Tuning In: Harnessing the Power of Radio
The engineering and manufacturing sectors are hugely innovative fields, constantly evolving in line with the development of new technologies.
Interestingly, according to a recent article from The Engineer, we may be on the brink of another such ground-breaking innovation, thanks to the development of an emerging technology known a Radio Frequency Identification (RFID), which has the potential to transform the production of bespoke products.
At one time, bespoke products were considered a luxury and the standardisation of products on assembly lines was very much the done thing. In the immortal words of the motoring giant Henry Ford: ‘You can get in it any colour, as long as it is black.’
However, in more recent years, thanks to the development of ever-more sophisticated factory robots and software programmes, production lines are more flexible than ever before. Customers, too, increasingly demand more bespoke products and the race is very much on for manufacturers to find ways of producing such products, whilst also keeping production costs low, which is where this pioneering technology comes in.
What is it Radio Frequency Identification?
RFID technology has existed since the 1940’s and was originally used for the identification of military aircraft. In later years, the technology was used extensively for inventory control applications. However, despite its relatively long history, the technology is still very much in its formative stages.
Simply put, RFID is a type of tagging technology which utilises radio waves to automatically keep track of products. RFID systems typically consist of three crucial elements: a tag which is essentially a data storage medium that reveals its information when prompted to do so; a reader which energise the tag by emitting a short range radio signal, prompting it to revel its stored information; and a control system. The reader passes on the information it receives from the tag to the control system, which can then act upon this data.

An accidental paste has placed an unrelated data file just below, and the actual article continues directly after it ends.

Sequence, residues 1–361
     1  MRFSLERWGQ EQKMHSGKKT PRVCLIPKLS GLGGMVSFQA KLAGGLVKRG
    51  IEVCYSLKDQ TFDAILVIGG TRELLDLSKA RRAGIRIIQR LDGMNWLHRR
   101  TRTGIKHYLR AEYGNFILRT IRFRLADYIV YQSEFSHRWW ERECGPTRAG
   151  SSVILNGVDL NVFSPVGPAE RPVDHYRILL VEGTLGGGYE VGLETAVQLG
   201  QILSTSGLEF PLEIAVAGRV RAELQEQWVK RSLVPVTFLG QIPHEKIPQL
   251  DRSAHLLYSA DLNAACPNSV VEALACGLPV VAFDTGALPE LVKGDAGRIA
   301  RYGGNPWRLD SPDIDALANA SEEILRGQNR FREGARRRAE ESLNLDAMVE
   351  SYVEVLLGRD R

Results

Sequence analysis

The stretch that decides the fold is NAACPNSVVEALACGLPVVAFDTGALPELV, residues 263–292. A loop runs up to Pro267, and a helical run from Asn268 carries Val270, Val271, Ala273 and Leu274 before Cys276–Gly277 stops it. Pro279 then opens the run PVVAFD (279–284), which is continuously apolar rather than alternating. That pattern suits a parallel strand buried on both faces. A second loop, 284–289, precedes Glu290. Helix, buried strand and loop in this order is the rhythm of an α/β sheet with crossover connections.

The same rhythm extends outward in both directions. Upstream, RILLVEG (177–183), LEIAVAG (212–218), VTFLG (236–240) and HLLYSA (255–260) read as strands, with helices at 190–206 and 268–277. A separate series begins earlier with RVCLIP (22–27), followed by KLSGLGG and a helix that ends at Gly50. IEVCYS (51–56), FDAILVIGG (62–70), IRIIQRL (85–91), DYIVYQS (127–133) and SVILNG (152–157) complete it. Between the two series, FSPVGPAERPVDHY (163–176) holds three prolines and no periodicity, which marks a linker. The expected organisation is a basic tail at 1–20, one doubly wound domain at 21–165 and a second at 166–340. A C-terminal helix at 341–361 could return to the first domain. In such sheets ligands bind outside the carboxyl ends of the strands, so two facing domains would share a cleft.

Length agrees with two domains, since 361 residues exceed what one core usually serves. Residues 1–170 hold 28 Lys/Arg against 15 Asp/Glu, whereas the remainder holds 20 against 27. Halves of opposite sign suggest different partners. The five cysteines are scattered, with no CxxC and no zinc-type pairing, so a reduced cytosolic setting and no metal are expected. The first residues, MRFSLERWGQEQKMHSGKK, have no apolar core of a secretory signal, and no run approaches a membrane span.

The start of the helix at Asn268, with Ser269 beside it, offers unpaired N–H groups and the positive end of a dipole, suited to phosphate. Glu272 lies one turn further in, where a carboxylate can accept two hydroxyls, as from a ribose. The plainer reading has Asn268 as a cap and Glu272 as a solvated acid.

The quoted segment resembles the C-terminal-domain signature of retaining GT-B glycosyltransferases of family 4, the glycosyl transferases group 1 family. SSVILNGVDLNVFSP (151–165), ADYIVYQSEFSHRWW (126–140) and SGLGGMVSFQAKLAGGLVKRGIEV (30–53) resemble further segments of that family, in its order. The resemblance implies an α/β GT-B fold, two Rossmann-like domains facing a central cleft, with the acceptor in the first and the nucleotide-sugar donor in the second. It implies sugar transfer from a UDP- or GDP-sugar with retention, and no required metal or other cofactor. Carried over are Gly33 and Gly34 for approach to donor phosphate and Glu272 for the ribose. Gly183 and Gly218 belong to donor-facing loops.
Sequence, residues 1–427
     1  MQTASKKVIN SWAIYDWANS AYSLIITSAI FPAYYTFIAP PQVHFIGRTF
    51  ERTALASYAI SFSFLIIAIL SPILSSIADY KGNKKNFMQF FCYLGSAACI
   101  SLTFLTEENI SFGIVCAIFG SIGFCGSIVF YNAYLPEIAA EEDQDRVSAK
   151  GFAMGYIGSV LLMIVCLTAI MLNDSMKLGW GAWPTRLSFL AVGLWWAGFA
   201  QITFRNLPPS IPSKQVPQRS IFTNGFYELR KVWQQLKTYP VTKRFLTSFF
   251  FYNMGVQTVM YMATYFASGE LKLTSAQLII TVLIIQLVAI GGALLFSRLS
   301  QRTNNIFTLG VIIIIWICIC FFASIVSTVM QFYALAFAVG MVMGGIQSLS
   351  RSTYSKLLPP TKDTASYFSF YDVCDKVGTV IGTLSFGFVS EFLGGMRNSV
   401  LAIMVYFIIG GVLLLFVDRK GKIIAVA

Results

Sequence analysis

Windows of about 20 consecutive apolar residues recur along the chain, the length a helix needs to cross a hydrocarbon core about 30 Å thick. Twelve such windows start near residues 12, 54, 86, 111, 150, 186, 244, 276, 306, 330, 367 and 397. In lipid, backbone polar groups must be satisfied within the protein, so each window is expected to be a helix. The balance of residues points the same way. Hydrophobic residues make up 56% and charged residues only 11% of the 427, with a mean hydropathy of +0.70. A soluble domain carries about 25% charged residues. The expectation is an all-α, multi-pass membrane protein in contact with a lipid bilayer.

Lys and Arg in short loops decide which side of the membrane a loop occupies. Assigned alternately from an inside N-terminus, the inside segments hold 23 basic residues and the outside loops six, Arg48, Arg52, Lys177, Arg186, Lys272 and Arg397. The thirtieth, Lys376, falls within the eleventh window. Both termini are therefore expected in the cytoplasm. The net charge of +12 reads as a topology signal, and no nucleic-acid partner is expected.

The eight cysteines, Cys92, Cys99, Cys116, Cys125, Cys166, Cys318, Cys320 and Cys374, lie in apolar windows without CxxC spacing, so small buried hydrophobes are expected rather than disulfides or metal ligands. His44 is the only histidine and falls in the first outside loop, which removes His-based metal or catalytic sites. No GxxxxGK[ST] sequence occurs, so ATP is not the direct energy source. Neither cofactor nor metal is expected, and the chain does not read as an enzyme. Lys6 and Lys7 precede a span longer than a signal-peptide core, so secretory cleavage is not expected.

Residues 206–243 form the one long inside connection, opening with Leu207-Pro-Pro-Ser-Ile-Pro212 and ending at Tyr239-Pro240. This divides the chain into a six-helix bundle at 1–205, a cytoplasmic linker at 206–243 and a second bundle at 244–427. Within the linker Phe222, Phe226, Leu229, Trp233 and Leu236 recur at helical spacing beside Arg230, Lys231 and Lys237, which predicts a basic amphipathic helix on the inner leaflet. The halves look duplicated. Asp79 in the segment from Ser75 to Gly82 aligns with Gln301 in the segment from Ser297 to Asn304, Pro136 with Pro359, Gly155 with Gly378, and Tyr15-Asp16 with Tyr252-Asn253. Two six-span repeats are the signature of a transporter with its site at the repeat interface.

Industries such as the automotive sector are already employing the technology. For example, RFID has been used on car assembly lines to verify the unique ID of a vehicle’s body body. Once the identity of the body has been verified, this information is then fed back to a control system that instructs the automated spray booth to paint the car with the appropriate colour.
The pharmaceutical and aerospace industries are also adopting the technology to improve tracking and traceability. This is particularly important for companies within the pharmaceutical industry, who are required to trace products through the manufacturing process and keep detailed records, in order to comply with legislative requirements.
According to the article, with further development, the potential of this technology is huge and some experts have even predicted that the cost benefits of technologies such as RFDI could even usher in a new industrial revolution in the next decade or two, helping to make the creation of bespoke products on large production lines commonplace.
Here at European Springs, we’re passionate about engineering and like to keep up-to-date with all the latest innovations from this exciting field. We’re a leading spring manufacturer and many of our high-quality spring products are utilised for a broad range of applications within the engineering field. For more information please don’t hesitate to contact us today, by giving us a call on 0044 7889 171 165 and a member of our expert team will be happy to help you with your enquiries.